Detainees’ rights debated as Guantanamo trial begins
After issuing landmark ruling, the Supreme Court has yet to clarify the appeals process for more than 275 Guantanamo detainees.
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On the same day that the Hamdan trial began, US Attorney General Michael Mukasey urged Congress to act quickly to clarify this appeals process in a speech at the American Enterprise Institute, reports the Associated Press.Skip to next paragraph
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A Supreme Court ruling last month "stopped well short" of detailing how foreign suspects will be allowed to challenge their detention, Mukasey said in draft excerpts of a speech he was to deliver Monday morning.
"In other words, the Supreme Court left many significant questions open," Mukasey said in the excerpts that were obtained by The Associated Press.
He called it "well within the historic role and competence of Congress and the executive branch to attempt to resolve them." Mukasey was speaking at the American Enterprise Institute, a Washington think-tank.
The New York Times reports that, under the Mukasey plan, Congress would draft strict rules for the handling of Guantánamo appeals, which would all be funneled through the US district court in Washington, D.C.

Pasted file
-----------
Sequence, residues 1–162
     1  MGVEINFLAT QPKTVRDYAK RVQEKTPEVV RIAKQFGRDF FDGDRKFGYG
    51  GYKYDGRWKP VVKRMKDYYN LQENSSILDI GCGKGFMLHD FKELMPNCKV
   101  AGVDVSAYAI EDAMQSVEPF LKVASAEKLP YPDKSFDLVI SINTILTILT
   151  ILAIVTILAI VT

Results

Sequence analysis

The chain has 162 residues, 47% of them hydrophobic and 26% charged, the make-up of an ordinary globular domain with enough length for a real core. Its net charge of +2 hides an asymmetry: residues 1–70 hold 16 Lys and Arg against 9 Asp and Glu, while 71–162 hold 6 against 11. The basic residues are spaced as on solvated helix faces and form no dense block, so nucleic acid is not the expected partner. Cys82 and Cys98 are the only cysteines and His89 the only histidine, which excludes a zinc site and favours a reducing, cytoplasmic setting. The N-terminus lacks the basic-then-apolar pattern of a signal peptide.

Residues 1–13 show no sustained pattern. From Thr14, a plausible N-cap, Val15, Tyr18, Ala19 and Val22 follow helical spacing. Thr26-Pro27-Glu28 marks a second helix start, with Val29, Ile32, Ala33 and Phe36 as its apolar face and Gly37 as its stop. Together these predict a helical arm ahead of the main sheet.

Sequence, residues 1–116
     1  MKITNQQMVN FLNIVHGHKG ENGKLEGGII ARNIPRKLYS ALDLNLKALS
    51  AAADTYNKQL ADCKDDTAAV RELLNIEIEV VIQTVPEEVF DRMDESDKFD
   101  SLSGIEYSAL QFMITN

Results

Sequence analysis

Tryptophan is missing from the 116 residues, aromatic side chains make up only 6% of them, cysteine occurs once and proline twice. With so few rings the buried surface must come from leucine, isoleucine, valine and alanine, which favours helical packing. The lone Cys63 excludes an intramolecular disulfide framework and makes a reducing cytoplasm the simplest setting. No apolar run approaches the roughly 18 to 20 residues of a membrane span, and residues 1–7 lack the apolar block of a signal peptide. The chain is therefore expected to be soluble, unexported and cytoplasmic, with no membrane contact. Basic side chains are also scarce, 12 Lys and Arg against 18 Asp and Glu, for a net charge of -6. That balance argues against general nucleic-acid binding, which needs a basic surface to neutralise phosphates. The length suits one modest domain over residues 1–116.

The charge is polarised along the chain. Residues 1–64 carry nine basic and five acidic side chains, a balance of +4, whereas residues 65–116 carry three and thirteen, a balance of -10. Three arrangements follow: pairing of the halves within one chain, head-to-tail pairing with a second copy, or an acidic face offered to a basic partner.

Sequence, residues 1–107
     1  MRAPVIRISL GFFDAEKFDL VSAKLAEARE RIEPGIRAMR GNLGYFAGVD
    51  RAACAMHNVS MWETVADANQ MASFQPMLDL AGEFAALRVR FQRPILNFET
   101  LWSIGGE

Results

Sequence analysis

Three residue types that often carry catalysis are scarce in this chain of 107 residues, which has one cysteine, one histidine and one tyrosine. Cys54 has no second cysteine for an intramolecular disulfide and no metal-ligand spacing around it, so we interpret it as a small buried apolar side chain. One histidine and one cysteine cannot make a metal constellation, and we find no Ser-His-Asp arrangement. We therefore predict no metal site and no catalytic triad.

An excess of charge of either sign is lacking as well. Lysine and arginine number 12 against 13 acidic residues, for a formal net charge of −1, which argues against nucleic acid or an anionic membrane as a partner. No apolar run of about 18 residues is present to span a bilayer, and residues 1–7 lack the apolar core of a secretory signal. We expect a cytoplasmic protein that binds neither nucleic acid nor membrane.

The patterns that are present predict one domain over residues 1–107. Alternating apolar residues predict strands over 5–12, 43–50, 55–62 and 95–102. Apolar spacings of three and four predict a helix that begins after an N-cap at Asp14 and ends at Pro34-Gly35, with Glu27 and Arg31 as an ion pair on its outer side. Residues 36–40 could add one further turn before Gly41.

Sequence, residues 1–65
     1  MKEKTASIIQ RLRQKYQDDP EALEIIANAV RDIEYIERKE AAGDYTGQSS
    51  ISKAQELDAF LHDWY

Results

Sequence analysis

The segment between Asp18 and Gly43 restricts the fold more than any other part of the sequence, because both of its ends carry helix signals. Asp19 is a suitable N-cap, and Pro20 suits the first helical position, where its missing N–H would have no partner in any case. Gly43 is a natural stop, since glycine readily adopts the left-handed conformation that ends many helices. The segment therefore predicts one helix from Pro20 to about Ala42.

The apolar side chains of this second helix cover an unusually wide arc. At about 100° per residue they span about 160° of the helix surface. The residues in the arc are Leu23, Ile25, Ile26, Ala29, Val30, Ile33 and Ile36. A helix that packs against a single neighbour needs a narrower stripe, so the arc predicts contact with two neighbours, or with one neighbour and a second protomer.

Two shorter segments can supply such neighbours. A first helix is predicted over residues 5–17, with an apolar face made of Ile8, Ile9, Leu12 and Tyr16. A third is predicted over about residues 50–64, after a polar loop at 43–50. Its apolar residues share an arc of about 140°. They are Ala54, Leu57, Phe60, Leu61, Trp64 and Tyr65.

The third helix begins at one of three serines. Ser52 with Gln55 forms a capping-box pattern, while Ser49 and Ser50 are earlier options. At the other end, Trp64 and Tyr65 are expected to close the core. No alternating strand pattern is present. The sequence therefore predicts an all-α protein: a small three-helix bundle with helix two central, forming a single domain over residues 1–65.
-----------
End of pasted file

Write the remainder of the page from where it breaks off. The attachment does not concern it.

He said all the appeals should be consolidated in a single court, probably the district court in Washington. Prisoners should not be allowed to physically attend the appeal hearings in the United States, he said, but they could view the proceedings from a secure video link from Guantánamo — a comment that appeared to signal that the administration plans to keep the base open for the time being.
The courts should also not be allowed to release a prisoner into the United States if he is cleared, he said. And the proceedings should not be allowed to delay the military commission trials at Guantánamo Bay, with some 20 prisoners now awaiting trial for war crimes and others expected to be tried later. Only after those trials are completed should prisoners be able to appeal their detentions to the civilian courts, the attorney general said.
But The Washington Post points out that Congress has only five weeks left to draft and pass legislation before going on a long summer break.
Speaking to The New York Times, several democratic leaders said they were in no rush to pass laws clarifying the appeals process for the more than 275 Guantánamo detainees covered by the Supreme Court decision.
Democratic leaders made clear Monday that they would not let the administration set a timetable for rushing through legislation that Senator Patrick J. Leahy of Vermont, chairman of the judiciary committee, called "ill-concieved."
Senator Harry Reid of Nevada, the majority leader, in response to Mr. Mukasey's speech, said that "the courts are well equipped to handle this situation, and there is no danger that any detainee will be released in the meantime."